Anna Keay’s “The Restless Republic” wins £5,000 Pol Roger Duff Cooper Prize

The Pol Roger Duff Cooper Prize for Best Non-Fiction Published in the UK 2022 was awarded to Anna Keay for The Restless Republic: Britain without a crown (WilliamCollins), The Bookseller reports.

According to the report, the book, described by the jury as a “compelling and immensely readable” account of Britain’s national experiment in republicanism between 1649 and 1660, aims “to breathe life and light into an all too often overlooked decade”.

The Pol Roger Duff Cooper Prize, supported by Pol Roger and operated by the Duff Cooper Memorial Fund, a charity based at New College, Oxford, was first awarded in 1956 and has been awarded annually ever since. 

The judges this year were Artemis Cooper, Miles Young, Principal of New College, Oxford, Mark Amory, Susan Bridgen and David Horspool.

Keay, a historian, writer and curator, who is currently director of the Landmark Trust and has previously held senior curatorial roles for English Heritage and Historic Royal Palaces, receives £5,000, a magnum of Pol Roger champagne and a copy of Old men forget Autobiography by Duff Cooper.

Her books include The magnificent monarch And The Last Royal Rebel: The Life and Death of James Duke of Monmouth (Bloomsbury). A regular history and heritage building presenter on television, she is a Trustee of the Royal Collection Trust, Visiting Professor at Birmingham City University and received an OBE for services to history and heritage in 2019.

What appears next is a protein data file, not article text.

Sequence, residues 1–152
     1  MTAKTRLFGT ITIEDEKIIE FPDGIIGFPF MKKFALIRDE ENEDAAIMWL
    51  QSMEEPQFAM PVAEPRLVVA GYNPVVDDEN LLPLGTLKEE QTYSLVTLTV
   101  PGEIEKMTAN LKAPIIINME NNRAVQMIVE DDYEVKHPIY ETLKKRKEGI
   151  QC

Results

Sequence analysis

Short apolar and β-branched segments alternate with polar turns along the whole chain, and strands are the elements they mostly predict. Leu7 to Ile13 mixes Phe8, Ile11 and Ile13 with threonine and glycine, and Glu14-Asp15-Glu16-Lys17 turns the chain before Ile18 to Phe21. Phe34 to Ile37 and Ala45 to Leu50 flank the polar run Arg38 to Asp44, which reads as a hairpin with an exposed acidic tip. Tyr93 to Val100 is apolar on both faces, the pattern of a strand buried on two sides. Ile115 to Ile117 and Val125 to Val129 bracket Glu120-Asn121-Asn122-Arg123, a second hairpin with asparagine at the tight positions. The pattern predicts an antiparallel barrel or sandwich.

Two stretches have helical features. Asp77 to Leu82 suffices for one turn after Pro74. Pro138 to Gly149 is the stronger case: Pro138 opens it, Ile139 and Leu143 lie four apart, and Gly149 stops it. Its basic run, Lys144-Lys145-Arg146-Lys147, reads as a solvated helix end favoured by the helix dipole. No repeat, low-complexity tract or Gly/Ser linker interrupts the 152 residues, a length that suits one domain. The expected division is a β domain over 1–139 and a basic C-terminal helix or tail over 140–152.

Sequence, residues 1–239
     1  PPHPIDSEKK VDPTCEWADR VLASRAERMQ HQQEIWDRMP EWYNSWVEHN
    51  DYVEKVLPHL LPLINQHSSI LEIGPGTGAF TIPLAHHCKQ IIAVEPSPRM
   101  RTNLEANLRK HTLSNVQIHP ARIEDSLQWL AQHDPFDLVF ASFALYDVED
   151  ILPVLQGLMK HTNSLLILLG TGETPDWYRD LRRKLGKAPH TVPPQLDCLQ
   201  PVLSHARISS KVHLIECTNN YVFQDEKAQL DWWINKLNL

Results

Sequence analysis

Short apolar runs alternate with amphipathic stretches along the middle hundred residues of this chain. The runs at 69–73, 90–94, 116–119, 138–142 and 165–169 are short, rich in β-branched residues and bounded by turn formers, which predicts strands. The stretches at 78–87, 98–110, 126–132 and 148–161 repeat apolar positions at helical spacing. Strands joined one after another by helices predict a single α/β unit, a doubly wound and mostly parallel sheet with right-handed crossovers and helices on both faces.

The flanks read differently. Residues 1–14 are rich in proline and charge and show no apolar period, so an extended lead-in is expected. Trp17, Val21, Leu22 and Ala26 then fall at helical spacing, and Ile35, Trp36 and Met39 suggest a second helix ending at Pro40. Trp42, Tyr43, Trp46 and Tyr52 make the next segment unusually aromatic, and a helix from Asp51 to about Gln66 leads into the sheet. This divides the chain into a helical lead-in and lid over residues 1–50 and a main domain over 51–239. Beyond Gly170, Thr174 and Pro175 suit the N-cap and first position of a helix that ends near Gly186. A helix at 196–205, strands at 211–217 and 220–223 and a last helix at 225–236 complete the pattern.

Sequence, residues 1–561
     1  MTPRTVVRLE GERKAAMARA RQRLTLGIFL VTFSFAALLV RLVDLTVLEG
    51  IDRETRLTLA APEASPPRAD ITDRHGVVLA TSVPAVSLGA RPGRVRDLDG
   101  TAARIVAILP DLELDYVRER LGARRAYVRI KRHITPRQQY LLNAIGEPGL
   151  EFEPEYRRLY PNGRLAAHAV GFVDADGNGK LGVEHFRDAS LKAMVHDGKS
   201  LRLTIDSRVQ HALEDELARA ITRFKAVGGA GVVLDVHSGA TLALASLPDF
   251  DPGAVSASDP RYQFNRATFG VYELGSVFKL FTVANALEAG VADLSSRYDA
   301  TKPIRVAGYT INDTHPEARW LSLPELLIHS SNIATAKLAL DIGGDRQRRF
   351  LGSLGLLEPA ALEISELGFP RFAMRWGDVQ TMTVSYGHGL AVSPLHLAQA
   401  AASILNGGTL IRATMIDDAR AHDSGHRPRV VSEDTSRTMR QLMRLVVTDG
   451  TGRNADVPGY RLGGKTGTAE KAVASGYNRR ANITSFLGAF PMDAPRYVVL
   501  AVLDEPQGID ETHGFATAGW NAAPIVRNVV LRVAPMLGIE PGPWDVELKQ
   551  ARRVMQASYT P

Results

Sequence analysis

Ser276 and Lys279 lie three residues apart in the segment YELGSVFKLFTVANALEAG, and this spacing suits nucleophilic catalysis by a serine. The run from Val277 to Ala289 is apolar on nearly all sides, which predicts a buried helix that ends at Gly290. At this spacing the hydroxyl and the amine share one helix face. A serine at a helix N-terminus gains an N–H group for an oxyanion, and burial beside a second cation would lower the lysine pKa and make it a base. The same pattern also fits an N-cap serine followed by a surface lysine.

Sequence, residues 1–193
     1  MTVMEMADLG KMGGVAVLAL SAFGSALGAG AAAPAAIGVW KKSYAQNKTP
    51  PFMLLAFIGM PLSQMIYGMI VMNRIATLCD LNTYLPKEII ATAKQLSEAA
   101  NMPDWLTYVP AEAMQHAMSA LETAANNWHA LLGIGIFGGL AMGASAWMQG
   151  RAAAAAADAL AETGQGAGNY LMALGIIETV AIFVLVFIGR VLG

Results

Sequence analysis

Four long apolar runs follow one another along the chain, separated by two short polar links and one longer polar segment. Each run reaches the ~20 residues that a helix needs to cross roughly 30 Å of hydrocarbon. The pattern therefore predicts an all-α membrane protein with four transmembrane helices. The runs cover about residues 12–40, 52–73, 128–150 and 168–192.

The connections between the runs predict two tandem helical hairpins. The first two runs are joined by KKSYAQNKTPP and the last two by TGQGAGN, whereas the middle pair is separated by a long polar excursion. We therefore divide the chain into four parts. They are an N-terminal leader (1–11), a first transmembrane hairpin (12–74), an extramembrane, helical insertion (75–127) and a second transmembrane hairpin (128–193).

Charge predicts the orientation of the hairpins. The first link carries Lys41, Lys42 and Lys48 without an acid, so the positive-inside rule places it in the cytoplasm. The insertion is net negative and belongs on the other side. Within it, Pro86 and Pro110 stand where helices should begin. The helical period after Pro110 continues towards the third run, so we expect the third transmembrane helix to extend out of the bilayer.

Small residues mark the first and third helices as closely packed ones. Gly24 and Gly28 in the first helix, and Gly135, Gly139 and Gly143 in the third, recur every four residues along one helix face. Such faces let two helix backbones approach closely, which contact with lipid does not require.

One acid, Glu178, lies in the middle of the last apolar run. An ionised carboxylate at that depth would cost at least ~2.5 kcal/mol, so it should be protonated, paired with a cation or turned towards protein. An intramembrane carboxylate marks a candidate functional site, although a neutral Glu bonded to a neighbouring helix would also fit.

Artemis Cooper, Chair of the Jury, said: “Anna Keay writes with a clear understanding of the political mysteries of the time; what makes The Troubled Republic so compelling are the stories of the men and women who lived through them. People like the nimble defector Marchamont Nedham, editor of Mercurius Politicus, who created popular propaganda for the Commonwealth; or the formidable Countess of Derby, who owned one of the last royalist redoubts on the Isle of Man; or Gerrard Winstanley’s Levellers trying to grow food on common land in Weybridge and Cobham – an idea too radical to garner much support from Surrey landowners.

“Packed with entertaining and insightful insights, this is a highly readable book about a little-known era. I will never look at the interregnum like this again, since I learned that Christmas in Norfolk was invariably celebrated with wine, mince pies and music, despite all edicts from London.”


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